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Year : 2004  |  Volume : 50  |  Issue : 3  |  Page : 216

A Patientís opinion is often valuable

Neurology Unit, Department of Neurological Sciences, Christian Medical College Hospital, Vellore, India

Date of Submission30-Apr-2004
Date of Decision04-May-2004
Date of Acceptance11-May-2004

Correspondence Address:
Sudhir Kumar
Neurology Unit, Department of Neurological Sciences, Christian Medical College Hospital, Vellore
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Source of Support: None, Conflict of Interest: None

PMID: 15751185

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How to cite this article:
Kumar S. A Patientís opinion is often valuable. J Postgrad Med 2004;50:216

How to cite this URL:
Kumar S. A Patientís opinion is often valuable. J Postgrad Med [serial online] 2004 [cited 2023 May 29];50:216. Available from:

A number of incidents during residency shape our method of practice in future. This communication is regarding an event that had a significant bearing on the way I deal with patients. The incident occurred in the first year of my residency in Neurology at a tertiary care centre. A 35-year-old lady consulted me for headache of six years' duration. It was described as a constant dull ache and had all the features suggestive of tension headache. A thorough clinical examination including blood pressure and optic fundi was normal. I reassured the patient and decided to start her on tricyclic antidepressants. The patient enquired how sure I was that she did not have a brain disease. With the enthusiasm and exuberance of youth, I told her I was pretty confident. I had almost forgotten this incident when she revisited me four months later. This time she had brought a computerized tomography scan of her brain that showed multiple cystic lesions. I could not believe my eyes. My confidence was shattered. However, the patient and her family were kind to me and emphasised that anyone could make a mistake. She was operated at our institute and made a complete recovery. As we have a common ward for Neurology and Neurosurgery, I happened to see her almost on a daily basis during the period she was admitted. Each meeting with her reminded me that her initial suggestion (that she might have a brain disease) was correct.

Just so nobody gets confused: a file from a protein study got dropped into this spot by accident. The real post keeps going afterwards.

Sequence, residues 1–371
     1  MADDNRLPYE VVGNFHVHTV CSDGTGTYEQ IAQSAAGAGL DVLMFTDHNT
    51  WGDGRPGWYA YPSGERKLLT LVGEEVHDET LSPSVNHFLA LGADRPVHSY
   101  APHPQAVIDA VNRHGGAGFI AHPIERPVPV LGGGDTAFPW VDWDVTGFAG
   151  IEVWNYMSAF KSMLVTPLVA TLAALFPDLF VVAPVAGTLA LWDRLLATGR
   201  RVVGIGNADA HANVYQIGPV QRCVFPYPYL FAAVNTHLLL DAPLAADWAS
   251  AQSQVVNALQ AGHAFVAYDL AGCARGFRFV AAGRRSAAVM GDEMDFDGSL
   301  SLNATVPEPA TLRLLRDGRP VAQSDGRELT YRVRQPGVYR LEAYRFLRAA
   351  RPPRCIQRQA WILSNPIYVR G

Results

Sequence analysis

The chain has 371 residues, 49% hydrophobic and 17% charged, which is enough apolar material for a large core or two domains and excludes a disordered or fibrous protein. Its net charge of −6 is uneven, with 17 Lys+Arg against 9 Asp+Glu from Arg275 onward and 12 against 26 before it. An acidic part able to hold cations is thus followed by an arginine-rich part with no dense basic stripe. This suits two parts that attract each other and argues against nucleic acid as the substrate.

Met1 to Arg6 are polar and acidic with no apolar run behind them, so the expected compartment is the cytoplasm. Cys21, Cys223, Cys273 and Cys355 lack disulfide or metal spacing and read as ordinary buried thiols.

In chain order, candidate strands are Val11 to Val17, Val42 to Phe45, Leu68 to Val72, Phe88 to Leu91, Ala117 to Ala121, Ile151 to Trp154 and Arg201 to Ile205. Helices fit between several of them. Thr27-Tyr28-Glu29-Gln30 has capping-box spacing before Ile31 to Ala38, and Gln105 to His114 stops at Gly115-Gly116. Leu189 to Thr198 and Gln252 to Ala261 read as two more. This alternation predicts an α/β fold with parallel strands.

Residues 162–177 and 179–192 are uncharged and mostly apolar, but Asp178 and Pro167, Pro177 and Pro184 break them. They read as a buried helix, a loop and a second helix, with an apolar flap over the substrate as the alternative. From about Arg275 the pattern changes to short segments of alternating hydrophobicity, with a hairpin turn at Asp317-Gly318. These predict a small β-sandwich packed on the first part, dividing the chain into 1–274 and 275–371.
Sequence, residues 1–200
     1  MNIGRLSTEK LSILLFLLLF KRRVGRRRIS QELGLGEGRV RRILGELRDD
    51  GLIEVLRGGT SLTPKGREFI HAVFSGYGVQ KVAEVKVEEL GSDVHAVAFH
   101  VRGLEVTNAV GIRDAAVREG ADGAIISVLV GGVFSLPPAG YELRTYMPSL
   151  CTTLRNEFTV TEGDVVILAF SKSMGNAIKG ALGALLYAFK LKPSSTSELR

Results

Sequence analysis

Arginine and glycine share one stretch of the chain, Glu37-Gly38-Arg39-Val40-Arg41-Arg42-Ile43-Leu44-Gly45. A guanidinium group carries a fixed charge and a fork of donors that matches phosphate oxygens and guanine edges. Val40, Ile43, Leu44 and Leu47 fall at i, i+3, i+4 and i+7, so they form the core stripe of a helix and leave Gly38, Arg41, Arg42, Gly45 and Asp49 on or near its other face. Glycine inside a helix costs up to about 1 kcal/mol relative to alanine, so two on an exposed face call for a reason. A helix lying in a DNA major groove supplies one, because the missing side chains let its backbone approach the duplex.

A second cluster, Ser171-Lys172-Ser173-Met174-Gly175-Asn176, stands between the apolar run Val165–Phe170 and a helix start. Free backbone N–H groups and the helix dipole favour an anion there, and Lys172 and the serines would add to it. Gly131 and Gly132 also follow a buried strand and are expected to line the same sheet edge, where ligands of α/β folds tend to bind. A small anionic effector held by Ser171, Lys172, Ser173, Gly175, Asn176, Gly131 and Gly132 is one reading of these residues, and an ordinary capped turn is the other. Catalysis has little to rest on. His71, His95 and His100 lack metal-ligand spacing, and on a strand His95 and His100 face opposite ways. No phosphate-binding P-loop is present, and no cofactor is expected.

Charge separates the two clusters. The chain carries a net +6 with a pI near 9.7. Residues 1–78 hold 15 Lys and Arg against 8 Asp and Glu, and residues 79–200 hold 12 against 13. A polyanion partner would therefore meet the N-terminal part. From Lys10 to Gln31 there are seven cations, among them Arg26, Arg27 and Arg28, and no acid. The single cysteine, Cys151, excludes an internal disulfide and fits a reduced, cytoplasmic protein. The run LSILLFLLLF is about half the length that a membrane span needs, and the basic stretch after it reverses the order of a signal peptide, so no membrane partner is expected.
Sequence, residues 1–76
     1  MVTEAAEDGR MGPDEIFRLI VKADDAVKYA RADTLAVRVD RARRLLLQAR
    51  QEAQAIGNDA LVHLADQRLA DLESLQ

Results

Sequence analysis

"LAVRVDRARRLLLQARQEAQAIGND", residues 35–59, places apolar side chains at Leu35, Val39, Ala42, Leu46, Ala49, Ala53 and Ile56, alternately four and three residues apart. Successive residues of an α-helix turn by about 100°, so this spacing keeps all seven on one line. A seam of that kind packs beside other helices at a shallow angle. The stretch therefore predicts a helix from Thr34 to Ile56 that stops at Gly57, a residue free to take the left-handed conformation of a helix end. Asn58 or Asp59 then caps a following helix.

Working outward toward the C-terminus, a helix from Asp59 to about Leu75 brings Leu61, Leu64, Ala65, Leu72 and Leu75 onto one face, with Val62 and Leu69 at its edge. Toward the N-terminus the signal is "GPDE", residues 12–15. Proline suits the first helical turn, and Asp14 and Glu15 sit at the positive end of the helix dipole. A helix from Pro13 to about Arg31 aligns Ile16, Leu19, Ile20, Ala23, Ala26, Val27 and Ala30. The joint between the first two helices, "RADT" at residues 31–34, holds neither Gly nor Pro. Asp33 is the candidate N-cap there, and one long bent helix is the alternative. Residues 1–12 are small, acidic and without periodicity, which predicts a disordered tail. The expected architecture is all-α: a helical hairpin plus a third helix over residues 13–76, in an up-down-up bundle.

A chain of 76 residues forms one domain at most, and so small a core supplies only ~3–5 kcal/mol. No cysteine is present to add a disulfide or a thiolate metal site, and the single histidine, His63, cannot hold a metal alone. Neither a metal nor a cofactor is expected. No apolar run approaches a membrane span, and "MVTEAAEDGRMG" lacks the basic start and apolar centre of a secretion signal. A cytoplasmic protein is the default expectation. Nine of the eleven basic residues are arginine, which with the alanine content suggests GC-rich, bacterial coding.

This incident had a major impact on my response to patients' opinions. As patients know their body (and disease) the best, it often helps to carefully listen to them. I have since made a number of diagnoses by just paying attention to what they say. It is very true that 'patients are our best teachers.'


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Online since 12th February '04
© 2004 - Journal of Postgraduate Medicine
Official Publication of the Staff Society of the Seth GS Medical College and KEM Hospital, Mumbai, India
Published by Wolters Kluwer - Medknow